Credits

I would like to give credit where credit is due. Videos are from YouTube and other sources such as NicoNico while Oricon rankings and other information are translated from the Japanese Wikipedia unless noted.

Sunday, October 13, 2013

Sonoko Kawai -- Aoi Station (青いスタスィオン)




nikala has already given some fine contributions for Sonoko Kawai(河合その子). Allow me to give one as well. Back in my university days, I was able to borrow a mix tape of aidoru songs from my friend for which, unfortunately, the singers' names and titles weren't listed. A few of the songs did stand out, including one which had this drumming that sounded like a heart processing a bit too much sugar, and a French accordion-like synth making a breezy entrance.

Finally, I found out a few sleeps ago that it was Kawai's 3rd single, "Aoi Station" (Blue Station), written by Yasushi Akimoto(秋元康) and composed by Tsugutoshi Goto(後藤次利), and released in March 1986. I think it was that accordion which hooked me into the rest of the song....could imagine Sonoko traipsing down the Champs-Elysees to it.

"Aoi Station" was created as the campaign song for Hi-Soft, a caramel manufactured by confectioner Morinaga. Originally, it had been first given the title of "Omoide Kigaete"思い出着替えて...Change Your Memories). However, the director behind the recording wanted a French-sounding title, so a switch was made to "Kaze no Chelsea"(風のチェルシー...Chelsea of the Wind). But, there were a couple of problems with that solution: 1) "Chelsea" isn't exactly a French word, and 2) Chelsea was a name of a product of one of Morinaga's corporate rivals, Meiji....rather awkward for a commercial. So, the folks went with "Aoi Station" with the katakana going with the French pronunciation of that second word in the title. What people have to do to get an aidoru song produced....boggles the mind.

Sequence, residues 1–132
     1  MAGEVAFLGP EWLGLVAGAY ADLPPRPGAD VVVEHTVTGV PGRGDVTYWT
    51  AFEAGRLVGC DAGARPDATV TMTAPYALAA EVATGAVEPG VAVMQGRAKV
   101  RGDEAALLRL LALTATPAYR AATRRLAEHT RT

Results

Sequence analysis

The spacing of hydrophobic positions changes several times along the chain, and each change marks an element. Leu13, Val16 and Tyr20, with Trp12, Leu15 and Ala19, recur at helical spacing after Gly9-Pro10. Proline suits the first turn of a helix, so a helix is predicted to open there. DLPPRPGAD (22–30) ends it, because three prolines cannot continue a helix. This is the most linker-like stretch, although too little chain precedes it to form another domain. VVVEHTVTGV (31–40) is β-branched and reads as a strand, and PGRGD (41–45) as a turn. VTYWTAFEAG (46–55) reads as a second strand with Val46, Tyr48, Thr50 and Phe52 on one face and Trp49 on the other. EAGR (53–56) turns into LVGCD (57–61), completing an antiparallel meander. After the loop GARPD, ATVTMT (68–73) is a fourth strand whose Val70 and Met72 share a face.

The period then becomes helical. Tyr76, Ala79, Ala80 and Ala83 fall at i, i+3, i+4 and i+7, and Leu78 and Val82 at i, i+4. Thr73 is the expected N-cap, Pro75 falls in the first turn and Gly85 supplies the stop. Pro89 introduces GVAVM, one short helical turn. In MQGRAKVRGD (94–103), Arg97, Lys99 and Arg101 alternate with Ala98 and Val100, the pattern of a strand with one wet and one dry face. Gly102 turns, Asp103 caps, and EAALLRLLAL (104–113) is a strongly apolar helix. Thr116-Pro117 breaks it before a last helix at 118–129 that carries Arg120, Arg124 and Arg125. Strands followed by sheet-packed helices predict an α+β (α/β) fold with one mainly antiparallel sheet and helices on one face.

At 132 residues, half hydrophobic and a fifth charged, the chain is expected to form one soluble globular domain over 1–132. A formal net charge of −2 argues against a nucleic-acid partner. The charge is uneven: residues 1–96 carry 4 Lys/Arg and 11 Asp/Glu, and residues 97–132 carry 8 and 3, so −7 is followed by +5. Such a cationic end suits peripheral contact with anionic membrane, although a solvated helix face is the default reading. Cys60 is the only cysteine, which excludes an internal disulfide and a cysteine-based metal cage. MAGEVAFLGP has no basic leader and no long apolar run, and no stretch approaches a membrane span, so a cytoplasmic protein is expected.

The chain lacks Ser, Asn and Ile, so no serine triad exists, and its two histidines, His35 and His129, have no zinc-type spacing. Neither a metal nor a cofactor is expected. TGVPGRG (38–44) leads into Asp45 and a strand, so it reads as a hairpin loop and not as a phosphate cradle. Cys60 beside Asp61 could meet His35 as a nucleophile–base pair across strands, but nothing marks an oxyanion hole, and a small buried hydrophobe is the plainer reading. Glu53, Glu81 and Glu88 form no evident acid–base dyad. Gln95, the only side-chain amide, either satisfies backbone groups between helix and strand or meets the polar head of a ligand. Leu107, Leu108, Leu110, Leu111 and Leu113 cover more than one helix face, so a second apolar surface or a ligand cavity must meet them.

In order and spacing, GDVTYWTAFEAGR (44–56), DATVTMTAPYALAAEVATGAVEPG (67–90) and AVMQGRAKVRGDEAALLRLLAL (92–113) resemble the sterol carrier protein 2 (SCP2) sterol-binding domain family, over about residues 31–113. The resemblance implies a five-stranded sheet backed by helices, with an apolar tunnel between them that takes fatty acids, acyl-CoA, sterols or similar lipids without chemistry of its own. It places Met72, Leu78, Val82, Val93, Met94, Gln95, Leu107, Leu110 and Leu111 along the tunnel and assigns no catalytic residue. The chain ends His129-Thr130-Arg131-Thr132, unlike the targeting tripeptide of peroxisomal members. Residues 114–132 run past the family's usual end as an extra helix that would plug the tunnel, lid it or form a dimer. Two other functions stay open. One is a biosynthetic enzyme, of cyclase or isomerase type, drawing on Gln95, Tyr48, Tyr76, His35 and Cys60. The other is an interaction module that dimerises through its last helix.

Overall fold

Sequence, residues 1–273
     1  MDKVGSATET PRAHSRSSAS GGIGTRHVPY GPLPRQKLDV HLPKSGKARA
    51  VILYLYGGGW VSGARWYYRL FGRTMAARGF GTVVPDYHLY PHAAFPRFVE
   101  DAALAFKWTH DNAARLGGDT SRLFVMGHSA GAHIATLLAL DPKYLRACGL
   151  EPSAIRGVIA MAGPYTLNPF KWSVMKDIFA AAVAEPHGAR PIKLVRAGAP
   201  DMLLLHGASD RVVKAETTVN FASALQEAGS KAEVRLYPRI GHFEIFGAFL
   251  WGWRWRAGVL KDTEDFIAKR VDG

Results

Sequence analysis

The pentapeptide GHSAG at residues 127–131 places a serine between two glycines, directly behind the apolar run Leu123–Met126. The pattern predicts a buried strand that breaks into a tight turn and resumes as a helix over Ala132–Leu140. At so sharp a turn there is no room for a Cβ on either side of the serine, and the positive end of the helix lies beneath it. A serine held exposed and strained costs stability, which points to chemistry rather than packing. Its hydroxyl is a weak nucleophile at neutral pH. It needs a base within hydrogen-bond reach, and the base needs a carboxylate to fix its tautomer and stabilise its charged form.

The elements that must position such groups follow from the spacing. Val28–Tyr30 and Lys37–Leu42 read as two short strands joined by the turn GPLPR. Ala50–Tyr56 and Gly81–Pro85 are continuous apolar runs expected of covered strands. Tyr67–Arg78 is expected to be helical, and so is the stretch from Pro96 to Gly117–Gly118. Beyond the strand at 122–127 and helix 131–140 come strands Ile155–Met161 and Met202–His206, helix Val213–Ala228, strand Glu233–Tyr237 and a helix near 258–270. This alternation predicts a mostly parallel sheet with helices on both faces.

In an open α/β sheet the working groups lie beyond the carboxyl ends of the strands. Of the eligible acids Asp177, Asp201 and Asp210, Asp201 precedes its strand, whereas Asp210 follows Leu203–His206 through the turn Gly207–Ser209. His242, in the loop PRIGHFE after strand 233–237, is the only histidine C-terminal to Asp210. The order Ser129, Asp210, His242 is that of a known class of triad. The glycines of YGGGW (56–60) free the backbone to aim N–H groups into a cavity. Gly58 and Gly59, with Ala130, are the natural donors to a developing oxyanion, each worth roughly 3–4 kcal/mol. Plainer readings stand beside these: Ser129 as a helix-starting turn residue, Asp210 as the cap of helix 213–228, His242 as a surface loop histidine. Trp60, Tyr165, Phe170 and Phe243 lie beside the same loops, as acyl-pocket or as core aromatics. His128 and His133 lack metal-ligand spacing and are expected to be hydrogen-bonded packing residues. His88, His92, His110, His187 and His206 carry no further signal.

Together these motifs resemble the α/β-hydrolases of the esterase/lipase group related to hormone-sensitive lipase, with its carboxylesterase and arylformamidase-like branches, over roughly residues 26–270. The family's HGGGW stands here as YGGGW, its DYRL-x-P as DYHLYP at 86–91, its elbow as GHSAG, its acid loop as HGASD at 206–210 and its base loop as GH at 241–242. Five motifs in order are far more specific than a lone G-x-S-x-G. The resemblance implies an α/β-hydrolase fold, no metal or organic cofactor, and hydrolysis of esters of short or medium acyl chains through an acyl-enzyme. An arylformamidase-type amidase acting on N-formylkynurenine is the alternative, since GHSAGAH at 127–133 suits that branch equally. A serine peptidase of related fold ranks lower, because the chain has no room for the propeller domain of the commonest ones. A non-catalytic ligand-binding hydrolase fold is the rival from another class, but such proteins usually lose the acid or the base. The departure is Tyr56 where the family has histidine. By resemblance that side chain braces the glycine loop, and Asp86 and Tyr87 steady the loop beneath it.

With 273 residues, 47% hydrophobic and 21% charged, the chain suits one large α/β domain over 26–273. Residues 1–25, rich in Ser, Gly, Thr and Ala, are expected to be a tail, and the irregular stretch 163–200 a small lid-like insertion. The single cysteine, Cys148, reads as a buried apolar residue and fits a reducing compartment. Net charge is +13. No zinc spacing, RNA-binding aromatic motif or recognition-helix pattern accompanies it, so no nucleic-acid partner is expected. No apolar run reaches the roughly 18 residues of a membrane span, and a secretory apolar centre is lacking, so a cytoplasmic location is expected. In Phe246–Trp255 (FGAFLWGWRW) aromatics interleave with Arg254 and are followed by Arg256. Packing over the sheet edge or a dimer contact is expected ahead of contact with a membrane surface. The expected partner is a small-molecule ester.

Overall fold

In any case, "Aoi Station" was a huge hit for Kawai, reaching the top spot on Oricon, and ending up as the 10th-ranked single for 1986. Now that I've got one aidoru mystery solved, it's time to track down some of the others from that mystery tape.



2 comments:

  1. I've never given Sonoko Kawai a proper chance. I might dig up nikala's old posts about her as well.

    As for "Aoi Station", I found it a nice aidoru song. The "accordion" really stands out in this one, and I think that was the intention, as the song is built around it. And it's not a bad thing when producers try out some different things in aidoru songs. Sometimes the results are great. In the case of "Aoi Station", the song became more classy with this "French" vibe.

    And what an ineresting story behind its development. They surely had to think a lot before giving a name to the song.

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    Replies
    1. Yeah, can you just imagine some of the debates in the meeting room over the titles of some of the classic aidoru tunes like Akina's "Meu Amor E" or Seiko's "Akai Sweet Pea"?

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